What is happening with US stocks is the question on everyone’s mind. The Dow Industrials’ daily Bollinger Band breadth has dropped to its lowest point since April 25, while the S&P 500 is reaching its lowest point since April 14. The swoons that eventually reached their lowest point in June were just beginning to materialize back then.
There are numerous explanations being offered, as well as numerous accusations. There is just one single explanation. the price of something. rates of interest. It is no accident that since the financial crisis of 2007–2008, stock values have experienced an epic rise at a time when interest rates are at historic lows. Right now, interest rates are tracking higher. Borrowing costs increase, which may have a negative effect on profitability and ultimately stock prices. Higher interest rates require you to predict future cash flows and discount them at higher interest rates when valuing businesses, which will lead to a lower valuation.
The SPX and Dow started to decelerate from their record highs about the same time as the Nasdaq Composite’s daily BB width started to decline. The small-cap Russell 2000 figures, meanwhile, are even more condensed. Since November, when it was only five trading days away from its record high, its daily BB breadth has dropped to its lowest point. Compressed historical volatility can indicate a market primed for some wild gyrations or even its next important trend, however, it does not in and of itself forecast direction.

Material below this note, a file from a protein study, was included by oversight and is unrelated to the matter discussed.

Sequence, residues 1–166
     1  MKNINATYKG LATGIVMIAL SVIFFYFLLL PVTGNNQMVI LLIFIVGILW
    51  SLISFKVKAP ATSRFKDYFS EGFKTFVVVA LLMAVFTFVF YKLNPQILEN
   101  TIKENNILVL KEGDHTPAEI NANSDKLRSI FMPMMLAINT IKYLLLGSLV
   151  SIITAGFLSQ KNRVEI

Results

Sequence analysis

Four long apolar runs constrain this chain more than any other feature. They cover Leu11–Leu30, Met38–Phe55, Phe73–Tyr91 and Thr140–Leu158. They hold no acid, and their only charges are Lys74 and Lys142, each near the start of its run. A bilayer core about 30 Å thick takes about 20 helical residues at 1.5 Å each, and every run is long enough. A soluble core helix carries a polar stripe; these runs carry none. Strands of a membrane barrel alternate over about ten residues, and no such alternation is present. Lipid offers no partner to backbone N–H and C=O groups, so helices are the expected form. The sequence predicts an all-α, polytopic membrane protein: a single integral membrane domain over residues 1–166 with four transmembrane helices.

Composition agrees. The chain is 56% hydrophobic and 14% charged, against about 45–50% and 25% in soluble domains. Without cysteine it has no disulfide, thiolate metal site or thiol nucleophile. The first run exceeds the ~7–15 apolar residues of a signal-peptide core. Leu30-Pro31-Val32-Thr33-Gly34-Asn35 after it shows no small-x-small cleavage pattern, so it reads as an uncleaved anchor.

However, traders will be looking for a RUT breakout of the range indicated by its upper and lower BBs, which finished Monday around 1,785 and 1,670. Readings can get even more compressed. Such a move has the potential to generate break-related follow-through momentum.
Right now, bitcoin appears to be setting the bar high with an upside breakout. In any case, with the much-anticipated FOMC meeting, the tech titan earnings reports, and the pressure that U.S. indexes are under mounting, equities appear to be ready to let off some steam.
The market has been oblivious to the gradual increase in interest rates up until lately. Investors will at some time realize that interest rates will increase to the point where keeping stocks that pay dividends is more profitable than investing in low-risk government bonds. When that time arrives people will start to wonder why they possess hazardous stocks. That discussion is frequently framed by changes in interest rates.
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